If you suffer an accident at work that was not your fault, one of the most daunting experiences can be returning back to work. Your confidence may have depreciated and you may become anxious that you can no longer carry out your role to the best of your ability. You may also worry about how you are to be treated at work.

Whilst going back to work after an accident can be scary, it is important that you do so. This is because when a party suffers an injury caused by an accident that was not their fault, they have a duty not to make matters worse.

What this means essentially is that you must ensure that you take reasonable steps to mitigate your losses that were caused as a result of the accident. Therefore, if your doctor certifies you fit to return to work but you make the conscious decision not to return then this loss cannot be said to have been caused by the accident.

The duty is not directly enforceable by anyone and is the voluntary responsibility of yourself. You might be thinking that this means that you are obliged to turn up to work whenever you see fit. However, this is not the case. If you fail to take steps to mitigate your loss (i.e. by not returning to work when your doctor has recommended that you do so) then the damages that you recover will be affected by this. For example, the court may award a sum that takes into account that you did not return to work when you had been certified fit to return. Therefore, you would be unable to claim for the loss of earnings that were incurred from your failure to return to work when you could have reasonably prevented yourself from incurring this loss.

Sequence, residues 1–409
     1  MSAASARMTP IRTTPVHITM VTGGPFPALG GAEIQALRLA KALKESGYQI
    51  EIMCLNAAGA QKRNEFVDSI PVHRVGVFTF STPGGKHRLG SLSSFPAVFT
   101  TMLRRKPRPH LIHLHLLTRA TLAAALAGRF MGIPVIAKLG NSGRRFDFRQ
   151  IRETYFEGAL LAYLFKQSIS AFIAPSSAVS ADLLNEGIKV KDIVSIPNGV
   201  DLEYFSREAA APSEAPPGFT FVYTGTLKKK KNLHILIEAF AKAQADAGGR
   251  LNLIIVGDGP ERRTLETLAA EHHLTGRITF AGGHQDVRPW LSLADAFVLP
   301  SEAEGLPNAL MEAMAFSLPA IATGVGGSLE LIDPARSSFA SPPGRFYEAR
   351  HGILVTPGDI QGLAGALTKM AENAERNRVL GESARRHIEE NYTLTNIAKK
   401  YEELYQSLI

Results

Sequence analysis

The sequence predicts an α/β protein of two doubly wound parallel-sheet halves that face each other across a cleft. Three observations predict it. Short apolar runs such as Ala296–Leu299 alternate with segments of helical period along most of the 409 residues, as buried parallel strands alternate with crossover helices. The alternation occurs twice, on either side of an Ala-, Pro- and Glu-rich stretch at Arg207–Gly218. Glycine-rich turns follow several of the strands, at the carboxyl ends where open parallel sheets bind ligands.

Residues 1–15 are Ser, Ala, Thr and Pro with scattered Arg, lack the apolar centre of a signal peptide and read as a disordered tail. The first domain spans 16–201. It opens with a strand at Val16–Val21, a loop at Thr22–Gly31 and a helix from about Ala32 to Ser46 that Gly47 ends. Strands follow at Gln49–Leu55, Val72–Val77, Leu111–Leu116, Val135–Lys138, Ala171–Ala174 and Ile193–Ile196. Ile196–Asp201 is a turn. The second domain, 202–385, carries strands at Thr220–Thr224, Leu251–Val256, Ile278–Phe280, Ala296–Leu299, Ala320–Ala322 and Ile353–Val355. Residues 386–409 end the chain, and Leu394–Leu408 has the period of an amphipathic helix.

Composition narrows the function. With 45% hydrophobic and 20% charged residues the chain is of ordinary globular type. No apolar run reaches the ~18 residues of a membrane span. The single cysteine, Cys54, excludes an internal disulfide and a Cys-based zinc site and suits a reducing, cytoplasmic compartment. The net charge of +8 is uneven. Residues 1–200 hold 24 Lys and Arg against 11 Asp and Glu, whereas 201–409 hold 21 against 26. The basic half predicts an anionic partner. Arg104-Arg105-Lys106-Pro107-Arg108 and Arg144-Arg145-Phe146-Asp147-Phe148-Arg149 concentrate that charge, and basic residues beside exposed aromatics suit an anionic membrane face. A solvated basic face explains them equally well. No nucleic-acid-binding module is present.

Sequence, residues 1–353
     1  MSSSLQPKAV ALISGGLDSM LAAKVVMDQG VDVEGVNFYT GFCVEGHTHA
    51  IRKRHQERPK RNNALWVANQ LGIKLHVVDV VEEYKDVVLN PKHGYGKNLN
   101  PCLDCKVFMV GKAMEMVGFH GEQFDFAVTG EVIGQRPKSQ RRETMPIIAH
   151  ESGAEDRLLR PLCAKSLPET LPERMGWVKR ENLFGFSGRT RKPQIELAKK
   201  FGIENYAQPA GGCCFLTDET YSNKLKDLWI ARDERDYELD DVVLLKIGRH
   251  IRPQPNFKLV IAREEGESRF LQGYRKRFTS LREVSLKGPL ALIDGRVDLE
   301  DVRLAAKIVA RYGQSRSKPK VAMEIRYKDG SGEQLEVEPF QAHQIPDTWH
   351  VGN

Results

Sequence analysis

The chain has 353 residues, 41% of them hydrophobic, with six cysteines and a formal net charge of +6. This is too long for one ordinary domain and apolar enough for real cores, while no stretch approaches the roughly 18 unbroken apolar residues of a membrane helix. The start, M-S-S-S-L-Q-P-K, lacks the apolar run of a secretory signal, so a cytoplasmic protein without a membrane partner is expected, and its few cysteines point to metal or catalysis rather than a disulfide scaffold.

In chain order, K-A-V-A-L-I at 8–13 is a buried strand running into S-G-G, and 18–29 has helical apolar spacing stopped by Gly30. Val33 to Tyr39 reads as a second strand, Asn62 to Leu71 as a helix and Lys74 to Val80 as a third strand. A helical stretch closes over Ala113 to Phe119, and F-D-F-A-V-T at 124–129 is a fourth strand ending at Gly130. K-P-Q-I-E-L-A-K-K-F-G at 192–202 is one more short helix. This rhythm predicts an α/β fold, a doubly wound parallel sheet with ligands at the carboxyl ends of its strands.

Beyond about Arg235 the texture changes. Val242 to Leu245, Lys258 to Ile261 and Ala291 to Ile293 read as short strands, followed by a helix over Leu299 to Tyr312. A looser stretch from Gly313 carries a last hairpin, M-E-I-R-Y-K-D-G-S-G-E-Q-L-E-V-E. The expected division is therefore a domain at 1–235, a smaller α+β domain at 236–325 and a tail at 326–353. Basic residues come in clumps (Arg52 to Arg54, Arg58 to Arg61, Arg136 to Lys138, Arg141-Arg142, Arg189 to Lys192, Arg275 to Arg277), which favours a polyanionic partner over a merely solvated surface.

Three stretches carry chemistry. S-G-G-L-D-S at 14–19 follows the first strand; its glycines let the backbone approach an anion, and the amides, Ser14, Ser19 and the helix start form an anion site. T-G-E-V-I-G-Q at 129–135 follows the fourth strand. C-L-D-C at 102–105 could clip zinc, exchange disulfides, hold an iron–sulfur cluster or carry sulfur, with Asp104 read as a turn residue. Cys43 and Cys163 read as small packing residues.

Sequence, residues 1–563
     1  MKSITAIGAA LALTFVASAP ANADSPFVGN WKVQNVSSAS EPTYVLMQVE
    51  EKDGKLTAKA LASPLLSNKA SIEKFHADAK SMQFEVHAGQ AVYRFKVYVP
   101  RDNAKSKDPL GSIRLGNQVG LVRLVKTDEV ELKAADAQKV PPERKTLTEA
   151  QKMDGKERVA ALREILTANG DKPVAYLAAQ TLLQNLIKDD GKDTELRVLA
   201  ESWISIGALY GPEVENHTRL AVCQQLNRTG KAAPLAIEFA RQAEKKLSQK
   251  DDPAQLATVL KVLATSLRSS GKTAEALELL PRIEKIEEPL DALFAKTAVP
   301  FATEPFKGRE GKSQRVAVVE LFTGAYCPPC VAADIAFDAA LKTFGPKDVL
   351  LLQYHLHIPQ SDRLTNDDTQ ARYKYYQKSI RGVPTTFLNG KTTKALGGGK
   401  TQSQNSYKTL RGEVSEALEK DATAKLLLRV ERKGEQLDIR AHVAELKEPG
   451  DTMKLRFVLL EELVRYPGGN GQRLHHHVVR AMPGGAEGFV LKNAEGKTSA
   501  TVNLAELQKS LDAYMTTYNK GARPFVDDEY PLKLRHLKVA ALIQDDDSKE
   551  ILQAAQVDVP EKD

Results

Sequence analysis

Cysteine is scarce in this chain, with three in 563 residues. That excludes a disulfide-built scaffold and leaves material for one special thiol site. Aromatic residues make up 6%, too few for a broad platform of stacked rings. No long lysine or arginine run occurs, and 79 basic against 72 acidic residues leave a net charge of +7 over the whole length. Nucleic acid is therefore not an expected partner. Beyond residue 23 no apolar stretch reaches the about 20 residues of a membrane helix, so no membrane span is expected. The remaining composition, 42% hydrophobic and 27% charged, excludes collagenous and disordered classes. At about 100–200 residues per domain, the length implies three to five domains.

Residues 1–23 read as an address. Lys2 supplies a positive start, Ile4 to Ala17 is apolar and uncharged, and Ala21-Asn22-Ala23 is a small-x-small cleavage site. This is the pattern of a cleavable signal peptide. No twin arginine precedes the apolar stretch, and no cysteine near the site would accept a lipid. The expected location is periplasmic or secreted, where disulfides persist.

Better to return to work by recommendation by your doctor than to worry yourself out of it and risk losing compensation.

Question to ask before returning to work

  1. Will it affect my case if I return back to work?

A law case will not be over by the mere fact of returning back to work. It’s actually quite the opposite. If you don’t return back to work when your doctor recommended that you do then this could affect your claim.

  1. Does returning to work mean I am better?

Not necessarily, you may have to return back to work on light duties. Or because you have no other alternatives.

  1. Shall I go back to work even if my doctor certifies me unfit to do so?

Going to work against your doctor’s orders can worsen your symptoms. This places extra time on your recovery and could cause permanent damage. Never return to work against your doctor’s orders.


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